Date: March 15, 2011 NOTICE TO INTERESTED PARTIES Bob Buster, Riverside County Board of Supervisors- District 1 John Tavaglione, Riverside County Board of Supervisors-District 2 Jeff Stone, Riverside County Board of Supervisors-District 3 John Benoit, Riverside County Board of Supervisors-District 4 Marion Ashley, Riverside County Board of Supervisors-District 5 California Depart
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Doi:10.1016/j.emc.2007.02.012aDivision of Toxicology, Albert Einstein Medical Center, 5501 Old York Road, bThomas Jeﬀerson University Hospital, Philadelphia, PA 19141, USA cChildren’s Hospital of Philadelphia, Philadelphia, PA 19141, USA dPhiladelphia Poison Control Center, Philadelphia, PA 19141, USA The term salicylate refers to any of a group of chemicals that are derived from salicylic acid. The best known is acetylsalicylic acid (aspirin). Acetyl-salicylic acid is metabolized to salicylic acid (salicylate) after ingestion.
The salicylates originally were derived from salicin, the active ingredientin willow bark, which Hippocrates used 2500 years ago for treating painand fever . Salicylates also occur naturally in many plants such as straw-berries, almonds, and tomatoes .
Poisoning by aspirin is common and is under-represented in poison cen- ter data, because it is often not recognized The in-hospital mortalityfor unrecognized chronic aspirin poisoning is reportedly three times higherthan if the diagnosis is made in the emergency department Familiaritywith the clinical presentation during the various stages of acute and chronicaspirin poisoning is important for the practice of emergency medicine. Themost challenging aspect of the clinical evaluation and management of theaspirin-poisoned patient may be recognition of the subtle signs and symp-toms of chronic, nonintentional aspirin overdose ( Salicylate poisoning continues to be an important overdose that fre- quently presents to emergency departments . There were over 21,000 * Department of Emergency Medicine, Albert Einstein Medical Center, 5501 Old York 0733-8627/07/$ - see front matter Ó 2007 Elsevier Inc. All rights reserved.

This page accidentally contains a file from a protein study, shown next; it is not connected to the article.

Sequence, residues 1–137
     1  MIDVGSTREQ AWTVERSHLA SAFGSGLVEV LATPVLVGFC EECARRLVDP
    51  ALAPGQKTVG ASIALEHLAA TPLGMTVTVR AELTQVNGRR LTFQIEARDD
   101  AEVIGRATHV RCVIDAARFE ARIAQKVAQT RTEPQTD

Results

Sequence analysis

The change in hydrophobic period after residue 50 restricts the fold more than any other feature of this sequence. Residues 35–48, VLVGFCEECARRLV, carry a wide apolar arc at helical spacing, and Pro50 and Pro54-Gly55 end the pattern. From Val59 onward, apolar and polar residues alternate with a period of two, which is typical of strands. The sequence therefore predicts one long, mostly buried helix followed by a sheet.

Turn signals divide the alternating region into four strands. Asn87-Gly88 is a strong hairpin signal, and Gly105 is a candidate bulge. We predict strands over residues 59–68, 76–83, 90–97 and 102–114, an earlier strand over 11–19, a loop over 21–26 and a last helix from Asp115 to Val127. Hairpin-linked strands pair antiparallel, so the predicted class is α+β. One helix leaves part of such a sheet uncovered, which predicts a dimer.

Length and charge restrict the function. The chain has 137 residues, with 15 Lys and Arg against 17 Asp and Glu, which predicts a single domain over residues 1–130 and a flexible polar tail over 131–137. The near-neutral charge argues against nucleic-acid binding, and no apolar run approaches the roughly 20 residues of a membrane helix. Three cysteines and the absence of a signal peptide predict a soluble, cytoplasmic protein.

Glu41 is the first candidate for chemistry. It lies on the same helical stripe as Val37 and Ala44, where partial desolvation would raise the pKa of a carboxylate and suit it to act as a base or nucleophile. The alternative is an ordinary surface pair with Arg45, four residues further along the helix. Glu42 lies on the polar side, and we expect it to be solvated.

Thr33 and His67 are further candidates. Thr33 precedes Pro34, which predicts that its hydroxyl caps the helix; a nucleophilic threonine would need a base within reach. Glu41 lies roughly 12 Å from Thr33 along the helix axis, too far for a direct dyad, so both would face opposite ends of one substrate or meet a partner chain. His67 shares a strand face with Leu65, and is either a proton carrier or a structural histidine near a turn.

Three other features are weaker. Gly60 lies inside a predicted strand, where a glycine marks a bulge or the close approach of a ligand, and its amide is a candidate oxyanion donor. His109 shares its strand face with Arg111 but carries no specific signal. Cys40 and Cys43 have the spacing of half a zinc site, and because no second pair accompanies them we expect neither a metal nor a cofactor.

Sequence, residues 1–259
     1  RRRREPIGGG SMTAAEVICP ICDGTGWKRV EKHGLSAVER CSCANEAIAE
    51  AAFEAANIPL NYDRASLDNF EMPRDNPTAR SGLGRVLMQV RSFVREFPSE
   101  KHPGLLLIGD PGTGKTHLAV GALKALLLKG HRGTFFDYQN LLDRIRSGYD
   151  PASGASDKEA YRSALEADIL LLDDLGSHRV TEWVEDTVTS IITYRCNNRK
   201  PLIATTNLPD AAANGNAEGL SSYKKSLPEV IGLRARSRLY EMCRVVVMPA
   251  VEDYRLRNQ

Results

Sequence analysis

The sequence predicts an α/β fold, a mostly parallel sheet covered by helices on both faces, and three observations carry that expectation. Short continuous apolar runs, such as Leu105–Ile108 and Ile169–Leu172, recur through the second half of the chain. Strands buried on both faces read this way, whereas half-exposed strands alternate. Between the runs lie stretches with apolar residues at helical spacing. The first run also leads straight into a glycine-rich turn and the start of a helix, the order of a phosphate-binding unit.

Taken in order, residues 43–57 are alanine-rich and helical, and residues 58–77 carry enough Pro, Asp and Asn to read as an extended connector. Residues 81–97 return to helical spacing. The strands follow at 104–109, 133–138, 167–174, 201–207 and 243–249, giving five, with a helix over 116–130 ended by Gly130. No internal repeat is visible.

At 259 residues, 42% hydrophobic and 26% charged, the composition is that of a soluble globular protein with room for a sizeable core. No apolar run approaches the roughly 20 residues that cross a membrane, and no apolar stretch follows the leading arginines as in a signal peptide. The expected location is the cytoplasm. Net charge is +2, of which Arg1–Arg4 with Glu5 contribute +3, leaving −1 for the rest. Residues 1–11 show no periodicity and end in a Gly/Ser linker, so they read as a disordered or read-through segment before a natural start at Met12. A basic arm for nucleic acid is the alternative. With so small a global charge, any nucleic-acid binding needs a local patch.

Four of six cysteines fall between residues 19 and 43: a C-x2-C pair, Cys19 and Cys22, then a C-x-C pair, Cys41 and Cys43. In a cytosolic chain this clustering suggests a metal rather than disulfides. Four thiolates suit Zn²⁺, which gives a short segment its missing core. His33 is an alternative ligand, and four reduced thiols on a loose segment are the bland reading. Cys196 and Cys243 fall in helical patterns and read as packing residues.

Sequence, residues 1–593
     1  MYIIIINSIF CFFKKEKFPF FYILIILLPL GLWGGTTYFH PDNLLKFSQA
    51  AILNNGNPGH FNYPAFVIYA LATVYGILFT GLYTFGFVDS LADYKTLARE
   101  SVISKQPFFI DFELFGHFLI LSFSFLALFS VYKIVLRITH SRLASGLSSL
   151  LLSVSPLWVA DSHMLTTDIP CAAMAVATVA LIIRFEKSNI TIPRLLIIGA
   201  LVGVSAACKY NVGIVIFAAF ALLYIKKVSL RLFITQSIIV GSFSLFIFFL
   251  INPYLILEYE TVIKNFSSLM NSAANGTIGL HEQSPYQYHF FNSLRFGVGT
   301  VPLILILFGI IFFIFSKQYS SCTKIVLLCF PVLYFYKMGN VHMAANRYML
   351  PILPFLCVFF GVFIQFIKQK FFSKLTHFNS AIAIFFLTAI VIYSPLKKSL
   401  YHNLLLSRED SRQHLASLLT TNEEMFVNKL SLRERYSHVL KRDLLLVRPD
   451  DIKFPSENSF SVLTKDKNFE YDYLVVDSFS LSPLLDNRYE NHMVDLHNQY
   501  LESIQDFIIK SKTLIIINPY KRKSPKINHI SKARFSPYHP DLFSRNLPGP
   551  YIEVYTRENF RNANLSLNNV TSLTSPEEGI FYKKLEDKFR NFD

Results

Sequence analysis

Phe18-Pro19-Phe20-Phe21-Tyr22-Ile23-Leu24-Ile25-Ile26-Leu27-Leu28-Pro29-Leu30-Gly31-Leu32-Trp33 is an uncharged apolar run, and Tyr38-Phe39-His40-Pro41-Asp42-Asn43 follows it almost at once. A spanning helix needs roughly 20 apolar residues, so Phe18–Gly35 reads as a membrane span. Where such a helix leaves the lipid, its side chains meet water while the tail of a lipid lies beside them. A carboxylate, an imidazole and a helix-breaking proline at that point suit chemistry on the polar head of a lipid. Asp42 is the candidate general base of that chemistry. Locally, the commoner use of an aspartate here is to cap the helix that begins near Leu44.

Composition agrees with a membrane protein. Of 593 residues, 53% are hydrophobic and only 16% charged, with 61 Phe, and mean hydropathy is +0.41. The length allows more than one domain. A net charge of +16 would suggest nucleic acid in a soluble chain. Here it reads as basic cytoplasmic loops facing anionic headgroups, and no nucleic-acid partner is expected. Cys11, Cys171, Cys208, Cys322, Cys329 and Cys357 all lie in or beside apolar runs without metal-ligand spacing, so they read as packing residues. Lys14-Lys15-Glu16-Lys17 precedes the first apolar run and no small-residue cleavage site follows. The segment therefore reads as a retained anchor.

doi:10.1016/j.emc.2007.02.012 Box 1. Pitfalls in the emergency department managementof salicylate–poisoned patients Failure to recognize the presence of salicylate toxicityFailure to appreciate the presence of continued absorption of Misinterpreting clinical significance of serum salicylate levels, Reliance on one or two serum levels of salicylate that may not describe a trend of decreasing total body burden of aspirinclearly Misinterpretation of low serum salicylate levels as nontoxic and failure to comprehend the changing acid–base status of thepatient Waiting until serum salicylate levels are determined before Accidentally adding bicarbonate to isotonic saline (creating a hypertonic solution) rather than intravenous dextrose/watersolutions to alkalinize the urine Forgetting to add potassium to the urinary alkalinization infusionFailure to recognize the emergent need for definitive therapy (hemodialysis) on the basis of impending end organ injury().